My husband is still somewhat in shock, I think. He just came home from his conference and found out that I signed up for a second 5k race. He is a lifelong athlete but has never seen me do much exercise that wasn't USEFUL, like digging and weeding by hand. Me, running just to run? He can't wrap his mind around it, I think.
I told him that I read in a New York Times article that older women actually ran faster times than younger women, which is the opposite of what happens with men. Middle aged women gave a few reasons, one of which is EXACTLY the reason I am on fire myself: they suddenly find out they are capable of doing something they never thought they could.
When I went to school, even the healthy girls had to be on girl's teams, playing girl's sports - like field hockey in those stupid plaid skirts. There were huge differences in the amount of time and effort put into coaching and promoting the different sex teams, of course.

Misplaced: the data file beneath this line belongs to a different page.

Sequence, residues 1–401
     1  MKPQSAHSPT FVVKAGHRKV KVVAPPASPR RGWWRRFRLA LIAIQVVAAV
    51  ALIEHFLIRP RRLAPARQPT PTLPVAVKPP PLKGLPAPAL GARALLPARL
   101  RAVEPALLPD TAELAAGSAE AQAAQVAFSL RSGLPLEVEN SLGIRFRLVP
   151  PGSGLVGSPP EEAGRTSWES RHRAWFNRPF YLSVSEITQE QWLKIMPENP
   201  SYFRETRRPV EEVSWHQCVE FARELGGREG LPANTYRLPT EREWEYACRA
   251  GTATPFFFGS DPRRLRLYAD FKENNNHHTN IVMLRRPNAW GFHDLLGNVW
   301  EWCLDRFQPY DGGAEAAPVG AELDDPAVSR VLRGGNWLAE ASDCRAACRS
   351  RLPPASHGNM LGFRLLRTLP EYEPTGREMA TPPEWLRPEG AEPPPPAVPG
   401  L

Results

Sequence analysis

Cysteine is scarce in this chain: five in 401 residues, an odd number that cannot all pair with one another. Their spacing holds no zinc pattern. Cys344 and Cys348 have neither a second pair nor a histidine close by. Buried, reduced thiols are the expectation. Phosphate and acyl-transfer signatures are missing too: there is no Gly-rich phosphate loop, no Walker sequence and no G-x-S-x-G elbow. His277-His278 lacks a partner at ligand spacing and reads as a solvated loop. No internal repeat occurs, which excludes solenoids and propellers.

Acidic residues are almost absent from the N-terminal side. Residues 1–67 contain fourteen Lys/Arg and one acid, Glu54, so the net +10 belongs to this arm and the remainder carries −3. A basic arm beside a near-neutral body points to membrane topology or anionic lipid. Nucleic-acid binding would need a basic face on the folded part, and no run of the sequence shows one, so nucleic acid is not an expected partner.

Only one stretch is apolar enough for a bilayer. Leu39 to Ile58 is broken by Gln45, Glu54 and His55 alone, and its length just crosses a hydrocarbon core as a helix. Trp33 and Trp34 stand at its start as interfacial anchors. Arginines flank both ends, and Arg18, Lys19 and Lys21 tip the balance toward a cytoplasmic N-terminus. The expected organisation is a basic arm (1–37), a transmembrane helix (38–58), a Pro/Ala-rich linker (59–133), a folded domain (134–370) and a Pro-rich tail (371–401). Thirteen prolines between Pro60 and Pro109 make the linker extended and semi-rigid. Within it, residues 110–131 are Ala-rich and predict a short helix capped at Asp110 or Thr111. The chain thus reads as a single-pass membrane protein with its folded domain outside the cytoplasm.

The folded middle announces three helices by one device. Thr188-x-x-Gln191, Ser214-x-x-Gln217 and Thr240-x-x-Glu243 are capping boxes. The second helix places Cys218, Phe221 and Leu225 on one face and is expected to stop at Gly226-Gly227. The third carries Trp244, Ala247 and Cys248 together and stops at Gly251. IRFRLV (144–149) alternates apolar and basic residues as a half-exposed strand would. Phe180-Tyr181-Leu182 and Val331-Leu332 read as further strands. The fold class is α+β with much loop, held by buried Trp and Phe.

And if you were unhealthy like me, you didn't even go to a real gym class. MY gym class was held inside a gym, but we stuffed envelopes for the school or were just told to do whatever we felt like because it was a free hour. I was told to puff on my inhalant, watch my heart... oh no, don't get too hot!
Boys, on the other hand, are expected to be athletic. If their parents carefully raise their children, so both sexes have access to both "genders" of toys, their daycare teachers and friends will undo this soon enough. My son was sure he would be an athlete before he was three years old. He is still physically active and has never been heavy. Why should he ever have any kind of epiphany that he could run? No one ever insinuated he couldn't. My daughter, on the other hand, was sure she was a brainiac bookworm by the age of three (yes, she was reading). She is still heavy today, 18 years later.
So here I am, 47 years old, trying new things because I am chubby and curious and because I am tired of thinking I can't do this and that. When I finally found something I could do, it really was an epiphany. I can do this. And I am going to be good, whatever that "good" happens to be for someone with my health. I fully intend to test myself a bit at a time, so I stretch my boundaries. Considering I ran zero minute miles before (because I never started!), every race I complete will be a good race. But I want to know what I can do.
The article I referenced:
And this blog is just a lot of fun: